It’s tempting to think of marriage as old fashioned.
Why not just live with someone and be done with it?
What need for a public ceremony? Why the weird traditions
为什么要有教堂 寺庙 赞歌 誓言和祷告？
all those churches, temples, hymns, vows and prayers?
Marriage must be a silly relic from the religious childhood of humankind,
not designed for the more logical morden world
And yet it survives. The essence of marriage is to tie our hands,
to frustrate our wills, to put high and costly obstacles in the way of splitting up.
Why do we do this?
起初 我们告诉自己是上帝希望我们能够维持婚姻的状态 但到了现在
Originally, we told ourselves that God wanted us to stay married. But even now,
when God is not invoked, we keep making sure that marriage is rather hard to undo.
For one thing, you carefully invite everyone you know to watch you say you’ll stick together.
You willingly create a huge layer of embarrassment where you ever to turn around
and admit it might have been a mistake.
Furthermore, even though you could keep things separate,
marriage tends to mean deep economic and legal entanglements.
You know it is going to take the work of a phalanx of accountants and lawyers to prise you apart.
It could be done, but it will be ruinous.
It’s as if we somewhere recognise that there might, rather strangely,
be some quite good, though uncomfortable, reasons why making it difficult to split up a union
can be an advantage for its members.
The Marshmallow test was a celebrated experiment in the history of psychology
designed to measure children’s ability to delay gratification
and track the consequences of being able to think long-term.
Some three-year-old children were offered a marshmallow, but told they would get two
if they held off from eating the first one for five minutes.
It turned out a lot of children just couldn’t make it through this period.
It was too tempting. the less immediate benefit of gobbling the marshmallow in front of them.
was stronger than the strategy of waiting.
最关键的是 观察显示 这些孩子的人生会持续因为不能控制自己的冲动而饱受挫折
Crucially, it was observed that these children went on to have lives blighted by a lack of impulse control,
and fared much worse than the children who were best at subordinating immediate fun for long-term benefit.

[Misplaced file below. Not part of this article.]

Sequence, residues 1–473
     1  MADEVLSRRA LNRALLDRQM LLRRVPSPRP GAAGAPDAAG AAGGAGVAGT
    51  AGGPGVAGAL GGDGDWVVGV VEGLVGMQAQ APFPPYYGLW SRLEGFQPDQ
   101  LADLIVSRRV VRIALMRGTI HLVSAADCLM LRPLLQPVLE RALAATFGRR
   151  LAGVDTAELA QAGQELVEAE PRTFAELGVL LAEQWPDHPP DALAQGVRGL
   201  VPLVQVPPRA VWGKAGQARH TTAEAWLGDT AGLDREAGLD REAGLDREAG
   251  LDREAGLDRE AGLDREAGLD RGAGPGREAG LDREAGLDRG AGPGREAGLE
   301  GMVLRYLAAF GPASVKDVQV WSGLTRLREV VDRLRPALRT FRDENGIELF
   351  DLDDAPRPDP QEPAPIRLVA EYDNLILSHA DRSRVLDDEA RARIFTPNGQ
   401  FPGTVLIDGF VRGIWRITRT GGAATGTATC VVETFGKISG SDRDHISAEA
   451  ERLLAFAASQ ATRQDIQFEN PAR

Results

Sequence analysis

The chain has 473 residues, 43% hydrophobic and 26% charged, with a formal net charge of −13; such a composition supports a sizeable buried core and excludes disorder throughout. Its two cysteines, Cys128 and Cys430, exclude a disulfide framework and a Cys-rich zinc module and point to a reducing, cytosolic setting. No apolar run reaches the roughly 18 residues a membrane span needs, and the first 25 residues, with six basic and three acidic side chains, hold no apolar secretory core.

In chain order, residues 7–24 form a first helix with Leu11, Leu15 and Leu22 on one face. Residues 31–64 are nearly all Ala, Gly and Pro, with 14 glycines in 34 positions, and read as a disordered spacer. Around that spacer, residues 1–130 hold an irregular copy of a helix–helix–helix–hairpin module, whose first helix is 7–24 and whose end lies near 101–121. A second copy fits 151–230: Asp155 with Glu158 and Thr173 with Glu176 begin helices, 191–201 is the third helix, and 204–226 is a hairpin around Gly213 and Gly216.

情感关系大概也是如此 这里也是这样 很多事情感觉很紧迫
Relationships are perhaps no different. Here too, many things feel very urgent.
我们发火 想要逃跑 我们对新的对象感到兴奋 恨不得尽快甩掉现在的伴侣
We’re angry, want to get out we are excited by new person and need to abandon our present partner at once.
And yet as we look around for the exit, every way seems blocked.
这需要花费很大价钱 这样会十分窘迫 这需要花费很长时间
It would cost a fortune, it would be so embarrassing, it would take an age.
This isn’t a coincidence. Marriage is a giant inhibitor of impulse
它是被我们的道德心建立起来以约束我们好色的 不知感恩的 野性的 欲求不满的自我
set up by our conscience to keep our libidinous, ungreatful, wild, desiring selves in check.
What we are essentially buying into by submitting to its dictates is the insight that we are (as individuals)
likely to make very poor choices under the sway of strong short-term impulses.
To marry is to recognise that we require structure to insulate us from our urges.
It is to lock ourselves up willingly, because we don’t trust ourselves.
It’s a very unusual marriage indeed in which the two people don’t spend a notable amount of time fantasising
that they weren’t in fact married. But the point of marriage is to make these feelings not matter very much.
It is an arrangement that protects us from what we desire
然而在我们比较理智的时候 我们其实知道自己不需要 甚至不想要的东西
and yet know (in our more reasonable moments) we don’t truly need or even perhaps want.
最好的情况下 情感关系使我们试图成长 变成熟 变得“完整”
At their best, relationships involve us in attempts to develop, mature and become ‘whole’.
We often get drown to people precisely because they promise to edge us in the right directions.
But It is too easy to seem kind and normal when we keep going out with someone new.
The truth about us, on the basis of which self-improvement begins,
only becomes clear over time.
Chances of development increase hugely when we don’t keep running away
to people who will falsely reassure us that there’s nothing too wrong with us.
Over time, the argument for marriage has shifted
It’s no longer about external forces having power over us:
What we are correctly now focused on is the psychological point of making it hard to throw it all in.
For the last fifty years, the burden of intelligent effort
has been on attempting to make separation easier.
The challenge now lies in another direction: in trying to remind ourselves
why immediate flight doesn’t always make sense,
and trying to see the point of holding out for the second marshmallow.